A Smattering Description of 'Price' 15 July, 2010

Price is some compensation that is exchanged by two parties. In internal business, it's all about the price.

Aside from price being a factor of purchase, there are several other functions it serves. Determining profits, sales, market share, and store traffic are a few. It creates a perception of quality or exclusiveness. It can encourage trials, and discourage competition.

There are several pricing strategies that should be considered when pricing products. These will be given in a list form because there are so many.

Cost-Plus Pricing: The cost of a product + a percent markup. This strategy ignores many environmental factors, but guarantees profits if sales are made.

Price Skimming: The price is initially set high to gain extra profits from early adopters, but set lower as more competition enters. This can work, but invites competition.

Penetration Pricing: The start cost is lower to help enter the market. Most profits are made by not raising the price, but by cutting costs.

Prestige Pricing: Creating a perception in the consumer's mind that quality is high, and they must pay a higher price for the product.

Bait and Hook: The initial price of the main product is low, but replacement parts and other materials or services consumed in the process have higher prices. This works unless a competitor can create low priced replacement parts and materials.

Price Promotions: This can be used to introduce new products or prevent consumers from defecting. It is also effective in selling older products when newer ones are available. Too many price promotions can cause consumers to wait and only purchase when there is a promotion, or switch between brands, cycling through promotions.

According to Robert Dolan's true economic value (TEV) theory, consumers are only willing to pay the cost of the best alternative + the value of the performance difference. This can be useful in setting an initial price for a product based on what consumers are currently buying. When setting initial prices, it is important to be clear on what market segment is being targeted.

Companies must revisit pricing strategies often and make sure they correspond to where the product is in the product life-cycle.

The Strategic Pricing Group created a pyramid that can be used as a framework to not only set a price for a product, but to have resources and a company capable of backing that price up.

Figure 1 - The Strategic Pricing Pyramid

1 - Value Creation: A product must be created and priced so a customer will pay for it, not simply be satisfied by it.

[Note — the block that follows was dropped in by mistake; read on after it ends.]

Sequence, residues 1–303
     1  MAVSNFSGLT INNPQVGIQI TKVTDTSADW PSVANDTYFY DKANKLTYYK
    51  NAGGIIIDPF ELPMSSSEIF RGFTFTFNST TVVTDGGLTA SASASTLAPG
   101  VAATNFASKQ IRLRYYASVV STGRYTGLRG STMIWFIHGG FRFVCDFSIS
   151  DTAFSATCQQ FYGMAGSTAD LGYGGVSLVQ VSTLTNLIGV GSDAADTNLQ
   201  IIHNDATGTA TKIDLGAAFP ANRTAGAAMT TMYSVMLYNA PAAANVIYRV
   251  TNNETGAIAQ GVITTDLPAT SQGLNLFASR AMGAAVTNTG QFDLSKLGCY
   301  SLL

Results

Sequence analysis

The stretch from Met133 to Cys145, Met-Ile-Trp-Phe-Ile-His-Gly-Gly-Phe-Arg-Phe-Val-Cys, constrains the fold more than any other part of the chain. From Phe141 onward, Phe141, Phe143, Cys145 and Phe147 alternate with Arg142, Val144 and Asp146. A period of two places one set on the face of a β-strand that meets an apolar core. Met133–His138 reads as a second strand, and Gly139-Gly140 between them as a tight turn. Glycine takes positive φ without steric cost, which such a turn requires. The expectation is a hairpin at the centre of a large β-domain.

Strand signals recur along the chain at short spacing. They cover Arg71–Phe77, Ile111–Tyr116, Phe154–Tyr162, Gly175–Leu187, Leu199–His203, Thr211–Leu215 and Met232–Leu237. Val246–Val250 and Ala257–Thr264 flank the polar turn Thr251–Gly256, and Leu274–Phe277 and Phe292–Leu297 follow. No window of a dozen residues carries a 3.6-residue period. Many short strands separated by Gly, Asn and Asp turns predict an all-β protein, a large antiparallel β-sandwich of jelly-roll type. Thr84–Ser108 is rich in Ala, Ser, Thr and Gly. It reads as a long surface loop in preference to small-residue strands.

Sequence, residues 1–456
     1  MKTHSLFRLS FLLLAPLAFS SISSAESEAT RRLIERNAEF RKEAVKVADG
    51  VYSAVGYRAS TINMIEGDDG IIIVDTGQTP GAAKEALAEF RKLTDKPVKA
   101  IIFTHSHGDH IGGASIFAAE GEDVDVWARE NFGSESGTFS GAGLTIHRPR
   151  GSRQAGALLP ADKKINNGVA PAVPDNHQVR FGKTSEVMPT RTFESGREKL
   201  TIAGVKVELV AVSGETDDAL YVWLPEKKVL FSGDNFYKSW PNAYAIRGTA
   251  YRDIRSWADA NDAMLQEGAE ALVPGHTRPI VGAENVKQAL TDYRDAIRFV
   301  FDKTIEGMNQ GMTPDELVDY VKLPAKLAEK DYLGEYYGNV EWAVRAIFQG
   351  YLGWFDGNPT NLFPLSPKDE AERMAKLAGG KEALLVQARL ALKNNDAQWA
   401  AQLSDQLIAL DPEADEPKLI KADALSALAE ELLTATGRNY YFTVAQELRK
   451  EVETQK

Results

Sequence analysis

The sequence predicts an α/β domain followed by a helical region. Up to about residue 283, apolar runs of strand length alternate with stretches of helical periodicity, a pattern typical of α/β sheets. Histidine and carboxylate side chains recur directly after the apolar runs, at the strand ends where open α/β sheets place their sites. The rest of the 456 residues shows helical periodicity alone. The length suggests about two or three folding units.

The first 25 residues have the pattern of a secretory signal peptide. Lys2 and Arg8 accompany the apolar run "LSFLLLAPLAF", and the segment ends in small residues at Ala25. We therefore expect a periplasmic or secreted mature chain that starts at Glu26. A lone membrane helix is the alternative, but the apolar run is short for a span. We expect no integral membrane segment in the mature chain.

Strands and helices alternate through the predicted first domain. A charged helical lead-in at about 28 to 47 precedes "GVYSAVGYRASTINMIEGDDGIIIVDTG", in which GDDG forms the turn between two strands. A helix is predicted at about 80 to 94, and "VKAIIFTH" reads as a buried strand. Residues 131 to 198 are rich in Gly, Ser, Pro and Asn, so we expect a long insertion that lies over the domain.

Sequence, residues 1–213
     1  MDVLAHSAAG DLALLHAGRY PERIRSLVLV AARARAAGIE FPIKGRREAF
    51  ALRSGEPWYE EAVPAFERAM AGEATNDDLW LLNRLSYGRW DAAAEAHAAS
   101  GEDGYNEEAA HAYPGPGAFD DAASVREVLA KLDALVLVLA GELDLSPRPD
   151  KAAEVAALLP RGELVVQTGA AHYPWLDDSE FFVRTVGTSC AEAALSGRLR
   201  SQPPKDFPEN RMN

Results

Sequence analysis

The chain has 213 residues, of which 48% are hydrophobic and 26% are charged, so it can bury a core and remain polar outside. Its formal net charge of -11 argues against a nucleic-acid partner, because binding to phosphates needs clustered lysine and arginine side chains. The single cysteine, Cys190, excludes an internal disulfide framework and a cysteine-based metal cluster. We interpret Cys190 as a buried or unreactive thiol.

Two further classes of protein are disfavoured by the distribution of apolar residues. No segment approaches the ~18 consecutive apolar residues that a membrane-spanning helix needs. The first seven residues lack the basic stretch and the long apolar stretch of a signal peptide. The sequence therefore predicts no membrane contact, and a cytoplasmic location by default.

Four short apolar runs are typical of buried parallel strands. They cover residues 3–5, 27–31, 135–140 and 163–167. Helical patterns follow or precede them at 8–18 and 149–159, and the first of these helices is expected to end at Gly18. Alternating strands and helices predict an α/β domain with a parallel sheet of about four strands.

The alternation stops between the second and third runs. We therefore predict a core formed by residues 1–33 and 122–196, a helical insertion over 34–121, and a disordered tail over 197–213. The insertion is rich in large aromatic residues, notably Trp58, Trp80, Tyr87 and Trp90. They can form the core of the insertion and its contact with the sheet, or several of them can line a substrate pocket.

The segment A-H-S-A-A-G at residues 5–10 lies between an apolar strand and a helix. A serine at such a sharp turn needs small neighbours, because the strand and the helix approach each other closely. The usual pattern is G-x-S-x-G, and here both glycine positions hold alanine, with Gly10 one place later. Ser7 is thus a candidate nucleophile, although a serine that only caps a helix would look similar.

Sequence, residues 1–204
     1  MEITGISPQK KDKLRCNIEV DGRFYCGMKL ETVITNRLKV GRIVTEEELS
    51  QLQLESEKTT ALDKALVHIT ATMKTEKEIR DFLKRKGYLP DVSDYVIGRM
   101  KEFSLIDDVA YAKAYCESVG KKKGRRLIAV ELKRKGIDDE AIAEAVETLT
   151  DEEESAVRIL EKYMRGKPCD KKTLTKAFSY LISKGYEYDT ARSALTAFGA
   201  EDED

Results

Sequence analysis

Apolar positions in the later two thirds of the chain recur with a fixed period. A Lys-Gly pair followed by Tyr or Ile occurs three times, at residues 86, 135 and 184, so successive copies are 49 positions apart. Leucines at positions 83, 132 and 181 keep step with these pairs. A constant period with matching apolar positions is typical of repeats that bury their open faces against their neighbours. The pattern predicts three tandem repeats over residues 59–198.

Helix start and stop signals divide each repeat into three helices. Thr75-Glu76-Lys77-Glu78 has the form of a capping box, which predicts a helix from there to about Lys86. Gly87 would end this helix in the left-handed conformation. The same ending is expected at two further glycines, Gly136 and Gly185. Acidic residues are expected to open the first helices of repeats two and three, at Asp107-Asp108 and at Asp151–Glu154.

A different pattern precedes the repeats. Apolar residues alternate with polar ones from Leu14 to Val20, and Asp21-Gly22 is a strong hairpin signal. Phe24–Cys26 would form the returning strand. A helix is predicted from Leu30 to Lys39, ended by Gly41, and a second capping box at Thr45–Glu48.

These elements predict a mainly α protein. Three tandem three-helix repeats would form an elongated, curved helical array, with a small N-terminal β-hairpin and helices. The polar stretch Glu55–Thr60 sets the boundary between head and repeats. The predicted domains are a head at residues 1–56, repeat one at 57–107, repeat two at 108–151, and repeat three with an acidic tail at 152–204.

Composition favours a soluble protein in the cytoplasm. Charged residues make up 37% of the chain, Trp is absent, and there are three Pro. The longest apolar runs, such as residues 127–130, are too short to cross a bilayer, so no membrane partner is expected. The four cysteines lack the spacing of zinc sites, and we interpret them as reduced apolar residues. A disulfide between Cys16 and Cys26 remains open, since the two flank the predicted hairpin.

2 - Price Structure: Pricing should be based on the value received instead of the product delivered. Price for a customer segment rather than a product.

3 - Price and Value Communication: When value is not communicated, the doors to price sensitivity and price negotiations open. This becomes problematic. Having a communications strategy that uses both performance facts as well as psychological benefits will help solidify a value to a consumer.

4 - Pricing Policy: A stance must be taken on the frequency of discounts and promotions given. If this is not done, the customer base will drive profits down faster than the general efficient market.

5 - Price Level: Actual prices must be set and periodically reviewed in the same way throughout the company. This can take the form of a planned decision model that uses relevant data about how the market will respond to changes. Many times the best model is simply a fixed price/variable offering one.

These 5 steps should be consistently known throughout the organization.

What has been stated up until now has largely been academic in nature. It is now necessary to turn attention to a customer's view of their willingness to buy.

Consumers will buy a product based on:
1 - When its perceived value exceeds its price.
2 - Fairness compared to another consumer's purchase or a producer's cost.
3 - Incentives relative to the price.
4 - Reference prices such as the last known sale or purchase price.
5 - Perceived exploitation of the consumer.

Consumers will remain customers if they know there is value in the product. Remembering that a product has value includes:
1 - Actually using a previously purchased product.
2 - Understanding per line item if there are parts, what the cost is.
3 - Paying for the product close to the time of use, which enforces the product's value.

Pricing can make or break a product line even if the products are great. These steps will help act as a guide, making sure the price matches not only the product, but the market.

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